A merger too far
The sort of people who were scrutinized in the 2001 novel (later movie) Up in the Air and obsess over every little perk to which the number of miles in their frequent flyer accounts entitle them - Did they just let that no-status gate louse board ahead of me? Did he get seven salted almonds and me only six? - have spent some months mulling over the likely ghastliness of the proposed merger between US Airways and American Airlines. It would reduce the number of major legacy US carriers from four (Delta, US Airways, American, United) to three. It would likely be attended with yet more whittling at the value of those frequent flyer miles (I discovered this week a "free" transatlantic ticket now costs miles plus about $200 cash per person). For average consumer flyers, life would likely continue to get more expensive and much worse. As the Washington Post noted this week the ever more luxurious seating, lie-flat beds, and even private suites being installed for first-class passengers are squeezing the space out of economy class seats even while the passengers themselves expand. This is the hollowing out of the middle class as seen through the peculiar lens of air travel.
Just as some had begun focusing instead on the wifi and power outlets on AA planes, the Department of Justice filed suit to block the merger, citing, among other things, the airlines' own internal emails to explain why. The complaint (PDF) makes fun reading if you want to know what these companies really think about us, their customers.
The DoJ rarely brings an antitrust case it doesn't win - most recently AT&T's blocked 2011 acquisition of T-Mobile's US operation. So, despite the airlines' vows to fight, it seems likely that either they'll have to make some big, currently unimaginable concessions, or wave good-bye to their vision of higher ticket prices and gee, can we get away with a $100 charge for a second checked bag? During the Carter administration, when fellow former Cornell Savoyard, Alfred E. Kahn, began deregulating the airlines he called them a cartel, as he told IEEE Spectrum in 2002. The emails the DoJ quotes suggest their thinking hasn't changed much. (You have to love an airline CEO who documents his inclusion of extra legroom in the category of "stupid stuff".)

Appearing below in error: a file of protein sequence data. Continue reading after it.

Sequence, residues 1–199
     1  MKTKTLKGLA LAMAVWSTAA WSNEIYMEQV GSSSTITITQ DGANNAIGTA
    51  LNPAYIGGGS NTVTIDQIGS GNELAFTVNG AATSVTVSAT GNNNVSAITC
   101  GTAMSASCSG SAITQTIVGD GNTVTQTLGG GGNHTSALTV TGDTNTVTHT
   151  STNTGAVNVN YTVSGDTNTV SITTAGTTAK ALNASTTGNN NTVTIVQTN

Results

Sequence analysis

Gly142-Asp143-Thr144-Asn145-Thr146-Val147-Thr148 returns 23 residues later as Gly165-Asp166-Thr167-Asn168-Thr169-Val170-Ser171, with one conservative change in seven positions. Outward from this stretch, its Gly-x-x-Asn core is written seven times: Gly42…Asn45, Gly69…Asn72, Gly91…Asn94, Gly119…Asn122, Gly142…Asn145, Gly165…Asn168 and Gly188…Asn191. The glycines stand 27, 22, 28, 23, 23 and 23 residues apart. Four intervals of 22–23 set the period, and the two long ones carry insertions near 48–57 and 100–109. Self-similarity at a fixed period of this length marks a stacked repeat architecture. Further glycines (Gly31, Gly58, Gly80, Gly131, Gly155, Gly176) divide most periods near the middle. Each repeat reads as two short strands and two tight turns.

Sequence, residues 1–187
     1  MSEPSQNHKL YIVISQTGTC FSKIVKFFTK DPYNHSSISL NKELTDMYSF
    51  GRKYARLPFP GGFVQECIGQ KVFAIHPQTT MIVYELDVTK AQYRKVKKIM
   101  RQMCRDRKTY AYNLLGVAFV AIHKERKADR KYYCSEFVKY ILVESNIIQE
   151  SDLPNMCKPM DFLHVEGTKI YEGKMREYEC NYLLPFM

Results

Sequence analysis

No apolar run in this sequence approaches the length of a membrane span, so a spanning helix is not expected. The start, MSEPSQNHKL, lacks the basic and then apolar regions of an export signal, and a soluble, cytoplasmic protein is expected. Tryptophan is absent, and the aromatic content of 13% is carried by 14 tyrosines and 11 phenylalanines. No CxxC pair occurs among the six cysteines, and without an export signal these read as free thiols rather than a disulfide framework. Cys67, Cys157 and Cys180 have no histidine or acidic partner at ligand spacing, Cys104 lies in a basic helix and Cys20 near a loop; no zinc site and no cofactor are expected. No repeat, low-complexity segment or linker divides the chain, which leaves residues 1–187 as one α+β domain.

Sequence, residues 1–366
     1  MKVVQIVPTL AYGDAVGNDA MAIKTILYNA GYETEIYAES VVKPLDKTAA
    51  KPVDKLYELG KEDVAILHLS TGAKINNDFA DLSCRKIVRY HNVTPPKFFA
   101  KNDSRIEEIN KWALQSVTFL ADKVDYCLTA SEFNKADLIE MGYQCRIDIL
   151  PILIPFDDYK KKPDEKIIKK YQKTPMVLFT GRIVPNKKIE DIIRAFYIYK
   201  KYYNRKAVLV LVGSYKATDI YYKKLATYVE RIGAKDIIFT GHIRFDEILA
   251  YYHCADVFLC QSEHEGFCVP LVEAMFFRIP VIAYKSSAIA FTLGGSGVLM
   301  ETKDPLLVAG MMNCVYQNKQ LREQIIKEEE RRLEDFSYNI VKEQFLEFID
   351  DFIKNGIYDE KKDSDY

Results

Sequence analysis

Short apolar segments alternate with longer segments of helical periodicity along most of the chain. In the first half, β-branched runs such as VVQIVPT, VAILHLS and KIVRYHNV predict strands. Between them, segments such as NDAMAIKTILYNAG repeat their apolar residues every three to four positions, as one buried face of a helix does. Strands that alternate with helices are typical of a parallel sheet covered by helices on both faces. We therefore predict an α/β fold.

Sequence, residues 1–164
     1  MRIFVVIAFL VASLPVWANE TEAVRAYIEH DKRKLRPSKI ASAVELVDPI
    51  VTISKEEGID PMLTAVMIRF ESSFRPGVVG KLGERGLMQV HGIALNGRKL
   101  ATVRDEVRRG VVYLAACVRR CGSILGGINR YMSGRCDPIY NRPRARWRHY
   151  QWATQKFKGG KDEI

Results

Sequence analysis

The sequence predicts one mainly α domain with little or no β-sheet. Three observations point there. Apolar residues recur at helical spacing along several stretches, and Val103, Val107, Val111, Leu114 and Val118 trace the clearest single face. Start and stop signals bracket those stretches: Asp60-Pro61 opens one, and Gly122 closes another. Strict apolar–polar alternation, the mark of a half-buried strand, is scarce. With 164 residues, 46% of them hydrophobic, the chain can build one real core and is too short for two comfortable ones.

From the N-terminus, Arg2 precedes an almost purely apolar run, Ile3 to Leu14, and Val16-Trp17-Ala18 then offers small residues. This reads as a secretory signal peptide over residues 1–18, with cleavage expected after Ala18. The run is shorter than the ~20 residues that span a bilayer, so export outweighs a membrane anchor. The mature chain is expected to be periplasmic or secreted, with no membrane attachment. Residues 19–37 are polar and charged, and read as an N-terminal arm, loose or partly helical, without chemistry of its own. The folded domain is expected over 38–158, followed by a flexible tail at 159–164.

The early years of deregulation certainly created low-cost airlines such as Jet Blue and Southwest; but in very much the same pattern as the one we've seen since the 1984 AT&T break-up, consolidation since has returned the business to something like the state it was in before Kahn got busy.
Classically, there are two kinds of antitrust actions. The first - as in Standard Oil or the movie studios - breaks up content and distribution because owning both gives one company leverage to control the market. The second, as in the US/AA merger, blocks the concentration of a market into too few hands. For years I've seen network neutrality as conflict of the first type: cable companies like Comcast and Virgin sell both access and content; telcos like BT want to get into content provision, and Google is working on becoming a broadband provider. When you view network neutrality this way, banning servers, as Comcast long has for residential customers and Google Fiber was lately castigated for doing, is a perfect example. Residential broadband customers' economy connections allow them only to be consumers; to be a content provider either you pay more for a business service or you upload everything to a host that does it for you. Ultimately, the whole package of distribution and content in our field will be hardware, pipes (wireless or fixed line), and content. Of the four main companies placed to do this - Google, Apple, Microsoft, Amazon - Google is the closest to having the whole package.
But here's a question: what does damage look like in an antitrust action of the second kind with respect to the Internet? Take, for example, email. If average consumers can't run servers (imagining a world in which running your own mail server was a lot easier than it is right now), then they must rely on third parties. Chiefly, at the moment, that's Apple, Google, Microsoft, and Yahoo!. Consumers aren't paying in money for these services; they're paying in data - that is to say, privacy and control. While this week's fuss over Google's comment in a court filing that users have no expectation of privacy when they hand their data to third parties was probably overblown, there's a real issue there. Also this week, two privacy-protecting email services - Lavabit and Silent Circle were killed off, apparently to avoid having to comply with government demands. While that's not Google-Apple-Microsoft-Yahoo!'s fault, it means the opportunities for alternatives to pay-with-data services continue to shrink.
In the case of the airlines, anyone who flies can see what's happening to ticket prices and in-flight comfort. On the Net, will antitrust authorities understand that the price of free services must be measured in other ways? Will they understand the opportunity cost to consumers? We can only hope.
Wendy M. Grossman's Web site has an extensive archive of her books, articles, and music, and an archive of earlier columns in this series. Stories about the border wars between cyberspace and real life are posted occasionally during the week at the net.wars Pinboard - or follow on Twitter.